Growing Mushrooms at Home

A cluster of pale yellow mushrooms sitting on a table covered in burlap

Oyster mushrooms come in several colors, like yellow. USDA photo by Lance Cheung.

For mushroom lovers, the idea of growing these fabulous fungi at home can be exciting and intimidating. Shiitake mushrooms and oyster mushrooms are two great types for the beginning home mushroom grower to try. Shiitake mushrooms, while often found in stores, are much cheaper to grow at home. Oyster mushrooms are less common in stores because of their delicate, hard-to-ship nature.

Purchasing a mushroom cultivation kit is the easiest way to start growing your own mushrooms at home. Oyster mushrooms (Pleurotus ostreatus) or Shiitake mushrooms (Lentinula edodes) are great choices for first timers because they are delicious and are some of the easiest to grow.

How you grow your mushrooms will depend on the kit you buy. But don’t worry; they should come with instructions to help you get started.

A little about mushrooms

The parts of the mushrooms that we eat are actually the fruiting (reproductive) bodies of fungi. Growing mushrooms is quite different from growing plants. Since mushrooms are not capable of photosynthesis and producing their own food like plants, mushrooms depend on a substrate, material on which the mushrooms grow. Logs, straw, or other cellulose sources are some examples. The mushrooms take nutrients from the substrate as it decomposes. Growing mushrooms indoors is generally preferred since it will provide you more continuous and predictable fruiting.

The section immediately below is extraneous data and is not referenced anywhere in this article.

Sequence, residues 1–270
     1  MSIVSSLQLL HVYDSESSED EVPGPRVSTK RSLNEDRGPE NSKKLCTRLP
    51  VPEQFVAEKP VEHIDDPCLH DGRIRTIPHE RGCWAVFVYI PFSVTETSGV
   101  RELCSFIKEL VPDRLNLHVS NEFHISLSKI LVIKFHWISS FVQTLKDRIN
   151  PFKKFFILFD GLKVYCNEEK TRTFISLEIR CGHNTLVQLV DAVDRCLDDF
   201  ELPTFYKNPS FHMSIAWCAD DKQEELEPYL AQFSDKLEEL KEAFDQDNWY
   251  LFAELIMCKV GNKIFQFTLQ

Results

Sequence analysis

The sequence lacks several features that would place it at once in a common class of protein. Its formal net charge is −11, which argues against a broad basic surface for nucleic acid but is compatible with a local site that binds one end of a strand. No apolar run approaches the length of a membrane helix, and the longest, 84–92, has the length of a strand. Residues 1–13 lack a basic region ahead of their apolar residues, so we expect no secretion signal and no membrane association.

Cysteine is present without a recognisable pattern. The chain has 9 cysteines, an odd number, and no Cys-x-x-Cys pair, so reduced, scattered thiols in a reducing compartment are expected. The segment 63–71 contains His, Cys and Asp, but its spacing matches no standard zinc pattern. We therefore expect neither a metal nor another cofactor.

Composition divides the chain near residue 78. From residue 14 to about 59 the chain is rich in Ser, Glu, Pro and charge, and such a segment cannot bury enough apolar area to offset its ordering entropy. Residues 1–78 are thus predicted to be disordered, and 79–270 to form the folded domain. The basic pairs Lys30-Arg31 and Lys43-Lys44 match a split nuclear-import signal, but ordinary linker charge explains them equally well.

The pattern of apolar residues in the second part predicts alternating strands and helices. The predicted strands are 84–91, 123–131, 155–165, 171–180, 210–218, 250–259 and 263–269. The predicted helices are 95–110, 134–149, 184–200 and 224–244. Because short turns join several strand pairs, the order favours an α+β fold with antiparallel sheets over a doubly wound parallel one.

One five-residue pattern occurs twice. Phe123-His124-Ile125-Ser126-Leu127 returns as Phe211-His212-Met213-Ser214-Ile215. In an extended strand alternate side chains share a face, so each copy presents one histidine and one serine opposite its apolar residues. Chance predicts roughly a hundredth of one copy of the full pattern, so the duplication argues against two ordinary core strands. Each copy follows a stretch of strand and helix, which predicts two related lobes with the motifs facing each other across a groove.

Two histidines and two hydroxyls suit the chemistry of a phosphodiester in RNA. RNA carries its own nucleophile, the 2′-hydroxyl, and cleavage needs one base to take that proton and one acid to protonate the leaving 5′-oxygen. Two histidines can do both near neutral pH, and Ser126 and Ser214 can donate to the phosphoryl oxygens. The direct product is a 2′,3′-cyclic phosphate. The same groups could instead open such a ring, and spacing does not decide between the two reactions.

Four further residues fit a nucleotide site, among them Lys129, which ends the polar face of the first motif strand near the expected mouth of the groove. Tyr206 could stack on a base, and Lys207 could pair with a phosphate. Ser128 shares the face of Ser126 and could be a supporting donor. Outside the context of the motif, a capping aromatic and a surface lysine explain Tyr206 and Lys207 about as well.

Oyster Mushrooms

Oyster mushrooms are delicate, with a flavor that is milder than Shiitakes. You aren’t likely to see these in stores simply because they don’t ship well. Colors will vary with the different strains but you can have oyster mushrooms that are tan, cream, grey, pink, or yellow.

Generally, oyster mushroom growing kits will come with a mass of sticky white mycelium (the thread-like, non-reproductive starter part of mushrooms) that has colonized a tower of straw inside of a perforated plastic bag. After soaking, mushrooms will form on the outside and should be ready for harvest in just about a month.

Shiitake Mushrooms

Shiitake mushrooms have a full, smoky flavor and a dense texture that holds up well for cooking. They're easily found in stores, but you can likely grow them much more inexpensively at home. Growing Shiitakes at home is rewarding. It might take a bit of time to get started, but once you’re going they can produce sporadic flushes. Choosing your substrate is a very important part of growing Shiitake mushrooms. If growing on hardwood logs, Shiitakes can be produced for 3 to 5 years once the wood has been inoculated with mushroom spawn.

Several cream-tan mushrooms growing on a log

Shiitake mushrooms growing on a log substrate. USDA photo by Lance Cheung.

Once you get the hang of growing mushrooms you can try your hand at purchasing spawn that will grow on other materials, such as sawdust and even shredded paper. You may even want to try some different—and potentially more challenging—mushroom types like chanterelle (Chantharellus cibarius), “yellow” morel (Morchella esculenta), and field mushrooms (Agaricus campestris).

For more information on growing your own mushrooms, contact your local County Extension Office. Workshops on growing mushrooms at home are held often, like the "Backyard Gardeners Growing Shiitake and Oyster Mushrooms" workshop next spring at the Suwannee County Extension office in Live Oak.

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